The History of Southern Cuisine
The same basic foods in the south exist as they did three centuries ago when the settlers arrived in the 1700s. The land was fertile and the opportunity to have plentiful crops was there. Corn became the staple crop. The Cherokee Indian tribe moved to the south and west during five decades from 1720 to 1770 as the settlers were coming from Ireland and Scotland.
The Native Americans taught early settlers how to prepare, grow, store and cook corn. Families thrived with gardens full of vegetables of all types and their hunting skills. Since most everything from bread to whiskey was made from the corn crops, they traded the garden crops and hunted game for corn. Potatoes became a staple that was accepted by the Appalachians.
Throughout this time, the African diet shared in the New World extended from their experiences in different cultures and regions. Major changes took place in the African diet as a direct result of the slave traders. Slaves often suffered from malnutrition on ships due to a poor diet. Many could not bring enough food to last through the trip. The lack of sunlight would cause deficiency issues from remaining below deck through the long trips across ocean waters. Yams, rice and grains were the main diet of most slaves and with any rare luck, they might have been provided with meats or fruit. When the slaves reached the New World, it would normally take months to bring their health back up to par.
The comfort foods the slaves enjoyed after arriving in the New World they brought themselves, which were often enjoyed and eaten with foods from Africa, brought by the slave traders. Field peas, okra, peanuts, eggplant and yams are native African foods that eventually became part of the southern cuisine of today.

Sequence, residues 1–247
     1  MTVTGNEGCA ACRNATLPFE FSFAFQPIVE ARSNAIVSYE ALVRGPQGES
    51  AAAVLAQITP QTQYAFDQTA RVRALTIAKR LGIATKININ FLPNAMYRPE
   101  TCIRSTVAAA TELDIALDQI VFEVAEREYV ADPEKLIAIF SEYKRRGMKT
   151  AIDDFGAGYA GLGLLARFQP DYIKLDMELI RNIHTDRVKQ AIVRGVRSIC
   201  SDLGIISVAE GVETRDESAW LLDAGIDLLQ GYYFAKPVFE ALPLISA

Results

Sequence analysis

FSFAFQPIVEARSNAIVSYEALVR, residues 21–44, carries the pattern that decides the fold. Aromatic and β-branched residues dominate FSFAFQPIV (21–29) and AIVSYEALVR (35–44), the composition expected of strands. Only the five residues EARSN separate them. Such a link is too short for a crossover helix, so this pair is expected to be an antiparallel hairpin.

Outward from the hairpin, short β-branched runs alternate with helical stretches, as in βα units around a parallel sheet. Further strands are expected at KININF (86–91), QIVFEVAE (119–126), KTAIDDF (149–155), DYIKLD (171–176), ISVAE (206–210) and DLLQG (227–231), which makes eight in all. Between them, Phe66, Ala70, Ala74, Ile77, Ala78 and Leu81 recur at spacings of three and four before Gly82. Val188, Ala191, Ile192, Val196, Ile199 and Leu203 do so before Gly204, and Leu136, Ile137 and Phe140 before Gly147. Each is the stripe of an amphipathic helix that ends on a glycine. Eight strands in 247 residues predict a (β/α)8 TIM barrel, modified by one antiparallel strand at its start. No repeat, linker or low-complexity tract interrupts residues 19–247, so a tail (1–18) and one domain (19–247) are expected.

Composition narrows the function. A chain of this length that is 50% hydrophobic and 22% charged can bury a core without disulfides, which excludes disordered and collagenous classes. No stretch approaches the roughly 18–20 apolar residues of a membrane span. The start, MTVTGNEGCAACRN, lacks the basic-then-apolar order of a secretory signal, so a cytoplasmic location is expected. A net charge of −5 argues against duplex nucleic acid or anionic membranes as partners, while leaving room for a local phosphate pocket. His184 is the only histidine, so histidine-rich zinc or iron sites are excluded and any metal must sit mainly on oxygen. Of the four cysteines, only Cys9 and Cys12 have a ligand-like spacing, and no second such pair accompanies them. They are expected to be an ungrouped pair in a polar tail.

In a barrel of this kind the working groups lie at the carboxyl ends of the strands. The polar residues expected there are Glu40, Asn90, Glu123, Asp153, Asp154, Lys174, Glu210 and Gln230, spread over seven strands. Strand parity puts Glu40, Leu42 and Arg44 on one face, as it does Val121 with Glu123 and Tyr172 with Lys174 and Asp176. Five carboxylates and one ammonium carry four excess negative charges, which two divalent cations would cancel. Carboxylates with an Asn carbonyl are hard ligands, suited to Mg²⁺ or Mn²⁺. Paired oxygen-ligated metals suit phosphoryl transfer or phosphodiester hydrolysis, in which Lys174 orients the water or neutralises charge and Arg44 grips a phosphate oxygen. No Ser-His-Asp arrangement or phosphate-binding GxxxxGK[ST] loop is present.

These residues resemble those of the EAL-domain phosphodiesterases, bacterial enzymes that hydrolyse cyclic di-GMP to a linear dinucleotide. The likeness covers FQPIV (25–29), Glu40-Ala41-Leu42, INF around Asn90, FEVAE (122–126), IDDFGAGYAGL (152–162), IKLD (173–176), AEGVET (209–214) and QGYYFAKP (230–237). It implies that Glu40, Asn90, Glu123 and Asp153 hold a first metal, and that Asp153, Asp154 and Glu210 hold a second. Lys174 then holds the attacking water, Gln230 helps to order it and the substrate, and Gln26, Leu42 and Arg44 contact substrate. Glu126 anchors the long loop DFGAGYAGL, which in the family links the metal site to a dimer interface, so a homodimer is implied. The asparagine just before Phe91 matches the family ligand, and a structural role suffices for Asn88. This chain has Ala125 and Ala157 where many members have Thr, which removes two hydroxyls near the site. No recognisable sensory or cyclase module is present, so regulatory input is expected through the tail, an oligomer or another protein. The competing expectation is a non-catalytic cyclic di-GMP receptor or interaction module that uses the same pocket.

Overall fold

Plantation workers were often given a sparse supply of food that normally boiled down to meal, rice, vegetables, salt, molasses, some pork and on more rare occasions, fish and coffee. Pork was received in portions of about three to four pounds per week. Slave families often hunted or grew their own crops in vegetable gardens to supplement their diets to avoid malnutrition.
As time went on, slaves worked as sharecroppers, their diets remaining mostly the same. This new title gave them a bit more freedom, or at least enough time to fish, hunt and plant gardens.
Much of the food eaten in the south came from the enhancements of Native American culture and from the slave and sharecropping days. The settlers relied on the wild game in the area for food or at least until they cleared land, planted corn and vegetables and learned from the Native Americans how to prepare and eat certain foods, such as squash, peppers and cowpeas. Tomatoes were discovered and produced by the Native Americans; however, most southerners would not touch the unique red vegetable due to the fact they felt it was poisonous up until the 20th century.
Cooking techniques came to the south through the teachings of Native Americans as well. They taught the settlers how to dry meats and vegetables of various types. The settlers also learned how to make preserves and jerky through the Native Americans. Women soon became good at processing corn to create breads and cornbread. With an ash hopper, they could soak the dry grains to produce “hominy" or “hominy grits." Grits became a popular staple of southerners during this time and even today it is traditionally set on a southern table, at least for a breakfast food.